A Foliar Program Is Part of a Comprehensive Program Aimed at Increasing Plant Health and Ultimately Crop Quality and Yield
It was an excited, almost frantic, call in 1988 from Joe Wipf in South Dakota. "We are in the midst of a severe drought and I have never seen such a stark contrast between our corn fields and the neighbors. You must come and see it." Wendell Owens, on the other end of the phone, had worked with Joe as a fertility advisor for the previous two years. That same day he hopped into his pickup and drove to South Dakota...what he saw was truly amazing.
The first thing Wendell noticed was the absolute color contrast between the fields. Joe's corn was green and growing with little sign of drought stress. The neighbor's corn exhibited all the typical signs of drought stress--off color, stunted and delayed growth, pineapple leaves, and dying plants. Trained to always observe, what he saw next almost made the hair stand up on the back of his neck...
Joe's field of corn was entirely free of grasshoppers...right to the field's edge. Grasshoppers were in copious supply in the road ditches and adjoining fields but not in Joe's corn. Wendell was so amazed he even went into the neighbor's field and road ditches where he was soon covered with grasshoppers. Then he walked back into Joe's field and to his surprise watched as the grasshoppers, almost on cue, marched right back into the road ditch - they simply refused to stay in Joe's field.
What happened that would cause the grasshoppers to leave en mass? Two years earlier Joe began soil testing with International Ag Labs and worked with Wendell as his soil consultant. Through a combination of dry broadcasts, soil sprays, and foliar sprays, his farm began to make great progress.
The important part of this story is to note that the foliar program was not the only thing required for his farm...it was part of a comprehensive program aimed at increasing plant health and ultimately crop quality and yield. Foliar sprays are not a panacea fixing all problems. In trying to explain the features and benefits of foliar sprays I have used many analogies including:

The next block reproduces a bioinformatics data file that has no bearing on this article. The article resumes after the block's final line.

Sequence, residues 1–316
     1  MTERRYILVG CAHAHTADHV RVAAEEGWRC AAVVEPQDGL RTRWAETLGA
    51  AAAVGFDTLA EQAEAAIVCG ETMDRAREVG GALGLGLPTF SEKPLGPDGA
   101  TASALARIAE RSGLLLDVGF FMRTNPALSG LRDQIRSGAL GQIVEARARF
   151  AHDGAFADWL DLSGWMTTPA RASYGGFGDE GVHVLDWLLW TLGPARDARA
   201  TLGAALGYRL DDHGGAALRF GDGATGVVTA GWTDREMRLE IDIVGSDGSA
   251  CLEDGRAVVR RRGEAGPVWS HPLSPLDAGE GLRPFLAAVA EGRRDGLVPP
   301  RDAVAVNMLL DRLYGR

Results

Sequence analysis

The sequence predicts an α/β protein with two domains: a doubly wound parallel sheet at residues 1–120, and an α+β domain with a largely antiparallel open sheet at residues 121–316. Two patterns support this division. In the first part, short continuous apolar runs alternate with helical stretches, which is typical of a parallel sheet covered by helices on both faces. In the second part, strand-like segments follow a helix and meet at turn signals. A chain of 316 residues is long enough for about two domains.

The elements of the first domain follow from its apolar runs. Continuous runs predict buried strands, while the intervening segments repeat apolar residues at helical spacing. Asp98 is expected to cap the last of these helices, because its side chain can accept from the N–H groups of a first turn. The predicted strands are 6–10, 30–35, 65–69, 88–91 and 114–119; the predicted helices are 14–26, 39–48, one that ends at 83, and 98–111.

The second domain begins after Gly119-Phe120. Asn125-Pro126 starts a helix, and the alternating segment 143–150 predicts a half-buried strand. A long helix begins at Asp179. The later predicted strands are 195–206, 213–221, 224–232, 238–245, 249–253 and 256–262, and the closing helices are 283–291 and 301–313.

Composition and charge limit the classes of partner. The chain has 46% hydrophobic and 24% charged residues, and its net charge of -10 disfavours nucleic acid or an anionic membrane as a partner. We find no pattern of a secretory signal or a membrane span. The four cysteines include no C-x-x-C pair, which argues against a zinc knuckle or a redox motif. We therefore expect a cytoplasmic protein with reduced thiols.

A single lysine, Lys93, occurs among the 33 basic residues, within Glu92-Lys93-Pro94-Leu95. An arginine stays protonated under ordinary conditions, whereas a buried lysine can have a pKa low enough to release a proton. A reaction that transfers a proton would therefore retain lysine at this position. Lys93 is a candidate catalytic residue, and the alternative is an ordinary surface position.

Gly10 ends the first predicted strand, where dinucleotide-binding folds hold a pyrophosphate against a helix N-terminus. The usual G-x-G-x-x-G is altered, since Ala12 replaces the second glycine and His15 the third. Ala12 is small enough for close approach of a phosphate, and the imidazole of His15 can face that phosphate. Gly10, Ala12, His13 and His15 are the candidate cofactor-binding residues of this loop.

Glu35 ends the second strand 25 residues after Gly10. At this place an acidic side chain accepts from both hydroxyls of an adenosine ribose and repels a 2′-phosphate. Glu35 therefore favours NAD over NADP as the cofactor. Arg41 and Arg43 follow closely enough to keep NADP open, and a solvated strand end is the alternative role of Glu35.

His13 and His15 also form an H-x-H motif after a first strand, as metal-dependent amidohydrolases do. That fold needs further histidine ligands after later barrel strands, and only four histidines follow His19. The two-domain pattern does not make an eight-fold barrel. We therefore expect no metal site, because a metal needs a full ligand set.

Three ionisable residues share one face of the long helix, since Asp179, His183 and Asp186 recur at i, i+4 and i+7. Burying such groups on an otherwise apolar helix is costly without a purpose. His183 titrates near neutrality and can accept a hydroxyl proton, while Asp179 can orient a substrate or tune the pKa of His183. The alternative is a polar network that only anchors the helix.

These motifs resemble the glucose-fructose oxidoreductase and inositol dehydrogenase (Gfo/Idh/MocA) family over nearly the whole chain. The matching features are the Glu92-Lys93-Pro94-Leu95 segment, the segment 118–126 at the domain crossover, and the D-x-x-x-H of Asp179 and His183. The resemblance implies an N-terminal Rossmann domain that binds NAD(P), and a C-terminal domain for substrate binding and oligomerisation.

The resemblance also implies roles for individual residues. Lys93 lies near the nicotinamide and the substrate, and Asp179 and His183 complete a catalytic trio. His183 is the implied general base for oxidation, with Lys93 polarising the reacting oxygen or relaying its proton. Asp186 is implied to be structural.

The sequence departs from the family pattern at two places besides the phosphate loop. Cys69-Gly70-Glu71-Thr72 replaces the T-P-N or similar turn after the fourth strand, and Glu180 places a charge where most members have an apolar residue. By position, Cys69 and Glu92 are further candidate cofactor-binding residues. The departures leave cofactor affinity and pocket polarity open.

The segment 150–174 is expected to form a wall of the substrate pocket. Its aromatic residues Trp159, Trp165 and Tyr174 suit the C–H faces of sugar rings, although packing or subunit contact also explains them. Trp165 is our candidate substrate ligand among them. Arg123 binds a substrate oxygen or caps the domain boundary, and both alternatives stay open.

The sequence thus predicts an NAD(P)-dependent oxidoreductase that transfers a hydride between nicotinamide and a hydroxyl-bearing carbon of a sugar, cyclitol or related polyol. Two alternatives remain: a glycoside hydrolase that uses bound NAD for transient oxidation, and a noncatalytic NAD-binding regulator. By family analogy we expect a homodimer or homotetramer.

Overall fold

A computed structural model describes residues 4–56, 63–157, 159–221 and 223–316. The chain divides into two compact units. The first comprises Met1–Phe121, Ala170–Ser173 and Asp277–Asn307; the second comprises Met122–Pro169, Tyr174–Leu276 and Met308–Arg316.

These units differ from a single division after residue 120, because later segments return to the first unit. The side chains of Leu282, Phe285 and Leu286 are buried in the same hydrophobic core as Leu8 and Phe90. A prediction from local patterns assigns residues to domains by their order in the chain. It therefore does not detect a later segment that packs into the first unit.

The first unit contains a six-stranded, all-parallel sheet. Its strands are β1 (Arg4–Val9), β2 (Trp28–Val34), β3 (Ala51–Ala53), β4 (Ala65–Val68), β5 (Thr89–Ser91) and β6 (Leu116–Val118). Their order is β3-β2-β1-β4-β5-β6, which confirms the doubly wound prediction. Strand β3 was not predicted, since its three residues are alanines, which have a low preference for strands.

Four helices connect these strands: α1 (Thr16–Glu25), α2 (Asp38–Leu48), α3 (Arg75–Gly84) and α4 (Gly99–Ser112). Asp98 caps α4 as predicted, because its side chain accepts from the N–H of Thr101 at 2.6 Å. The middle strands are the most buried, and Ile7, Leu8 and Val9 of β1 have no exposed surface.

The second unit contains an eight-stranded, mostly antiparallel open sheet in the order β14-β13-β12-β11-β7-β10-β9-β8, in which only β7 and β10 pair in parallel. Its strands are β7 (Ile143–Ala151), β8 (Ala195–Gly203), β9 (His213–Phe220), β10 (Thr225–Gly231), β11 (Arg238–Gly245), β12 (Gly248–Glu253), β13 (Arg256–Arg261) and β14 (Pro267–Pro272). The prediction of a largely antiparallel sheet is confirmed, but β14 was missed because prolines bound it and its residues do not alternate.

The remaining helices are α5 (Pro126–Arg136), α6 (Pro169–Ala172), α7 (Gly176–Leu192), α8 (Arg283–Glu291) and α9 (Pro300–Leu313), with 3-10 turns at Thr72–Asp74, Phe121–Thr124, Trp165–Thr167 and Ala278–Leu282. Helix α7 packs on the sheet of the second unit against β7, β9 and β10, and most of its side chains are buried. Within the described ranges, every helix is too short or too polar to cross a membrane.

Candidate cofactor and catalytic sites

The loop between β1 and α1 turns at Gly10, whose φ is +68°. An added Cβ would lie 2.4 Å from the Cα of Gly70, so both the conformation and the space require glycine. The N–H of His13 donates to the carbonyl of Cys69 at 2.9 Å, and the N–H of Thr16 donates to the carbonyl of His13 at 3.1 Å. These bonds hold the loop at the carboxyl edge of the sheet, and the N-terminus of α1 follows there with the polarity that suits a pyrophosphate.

- A Primer - The water poured down an old-fashioned hand pump that allows access to the water below. In the same way foliar sprays help plants "pump" nutrients from the soil below.
- A Command - When parents tell an overly relaxed teenager to "get to work." Likewise a foliar spray is a command to a plant to get busy and start producing.
- Frosting On A Cake - I never eat a piece of cake that was all frosting and no cake, but I have eaten cakes without any frosting. I must admit cakes with frosting taste a lot better! A good foliar spray program is like frosting on the cake. It must be applied on top of the solid foundation of a soil program.
- A Fulcrum Point - Fulcrum points allow people to apply considerable leverage to do the heavy lifting. A small amount of soluble nutrients can leverage the benefits of previously applied soil nutrients. (This is easily seen with green beans; a foliar spray one day can result in a profusion of white blossoms the very next day.)
More Benefits from Foliar Sprays
Not only do nutritional sprays benefit plants above ground they also feed soil biology and increase the stock of capital in the "barter system" happening within the rhizosphere. The rhizosphere is that thin covering of soil surrounding roots that is teaming with life. This is the "marketplace" where the "producers" and the "decomposers" get together and trade with each other. The "producers" i.e. plants trade amino acids and carbohydrates in the form of exudates and mucigel in exchange for dissolved soil minerals. Mucigel is that slimy polysaccharide substance covering roots that helps roots penetrate soil. It is also an excellent food and energy source for bacteria. Soil bacteria must have energy (plant sugars) to survive and "decompose" rock powders in order to liberate bound up nutrients to "trade" with plants.
When a foliar spray is properly made and applied it will cause an increase of plant sugars. A certain percentage (research suggests 25-30%) of these sugars are used to feed soil biology. Thus the outcome of a proper foliar program results in an extra infusion of "capital" into the "marketplace" of the rhizosphere; more sugars feed the soil biology and thus more soil minerals are taken up by the plant. What an amazing system and Creator!
Here is what a foliar program, when properly applied on top of a soil program, can do for you:
- Increased Yield
- Better Produce Flavor
- Increased Shelf Life
- Higher Test Weight On Grains
- Improved Animal Performance